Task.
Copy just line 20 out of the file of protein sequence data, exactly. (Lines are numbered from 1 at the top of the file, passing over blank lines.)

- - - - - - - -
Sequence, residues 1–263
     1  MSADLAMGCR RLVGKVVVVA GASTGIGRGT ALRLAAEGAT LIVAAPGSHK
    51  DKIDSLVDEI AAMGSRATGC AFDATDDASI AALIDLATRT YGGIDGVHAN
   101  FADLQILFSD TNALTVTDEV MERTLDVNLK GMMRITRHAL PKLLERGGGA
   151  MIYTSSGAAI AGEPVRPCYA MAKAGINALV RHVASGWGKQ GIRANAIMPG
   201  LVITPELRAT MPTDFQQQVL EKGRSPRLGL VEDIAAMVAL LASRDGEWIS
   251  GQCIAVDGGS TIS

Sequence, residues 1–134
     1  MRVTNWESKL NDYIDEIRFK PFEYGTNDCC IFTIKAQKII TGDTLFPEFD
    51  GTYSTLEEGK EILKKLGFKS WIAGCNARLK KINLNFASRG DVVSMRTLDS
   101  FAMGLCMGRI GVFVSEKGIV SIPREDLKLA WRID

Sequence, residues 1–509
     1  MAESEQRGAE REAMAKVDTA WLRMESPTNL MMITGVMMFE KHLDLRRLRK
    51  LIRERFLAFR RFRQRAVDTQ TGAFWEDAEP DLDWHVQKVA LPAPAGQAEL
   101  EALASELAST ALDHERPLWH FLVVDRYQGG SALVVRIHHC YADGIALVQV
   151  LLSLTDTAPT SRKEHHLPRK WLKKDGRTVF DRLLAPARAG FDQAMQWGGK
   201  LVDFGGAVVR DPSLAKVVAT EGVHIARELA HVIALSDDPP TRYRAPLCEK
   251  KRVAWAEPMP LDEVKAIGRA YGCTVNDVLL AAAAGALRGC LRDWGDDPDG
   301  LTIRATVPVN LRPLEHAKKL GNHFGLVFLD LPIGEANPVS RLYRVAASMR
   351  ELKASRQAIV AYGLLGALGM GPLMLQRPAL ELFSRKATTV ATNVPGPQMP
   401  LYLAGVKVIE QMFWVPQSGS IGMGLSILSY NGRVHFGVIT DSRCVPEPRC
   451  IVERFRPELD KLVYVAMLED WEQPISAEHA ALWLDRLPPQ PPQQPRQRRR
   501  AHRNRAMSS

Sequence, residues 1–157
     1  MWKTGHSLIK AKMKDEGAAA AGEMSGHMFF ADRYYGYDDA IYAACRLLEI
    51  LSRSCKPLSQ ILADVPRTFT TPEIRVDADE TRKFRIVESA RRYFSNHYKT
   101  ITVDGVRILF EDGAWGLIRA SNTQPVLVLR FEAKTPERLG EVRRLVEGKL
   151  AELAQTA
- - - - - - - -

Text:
   351  ELKASRQAIV AYGLLGALGM GPLMLQRPAL ELFSRKATTV ATNVPGPQMP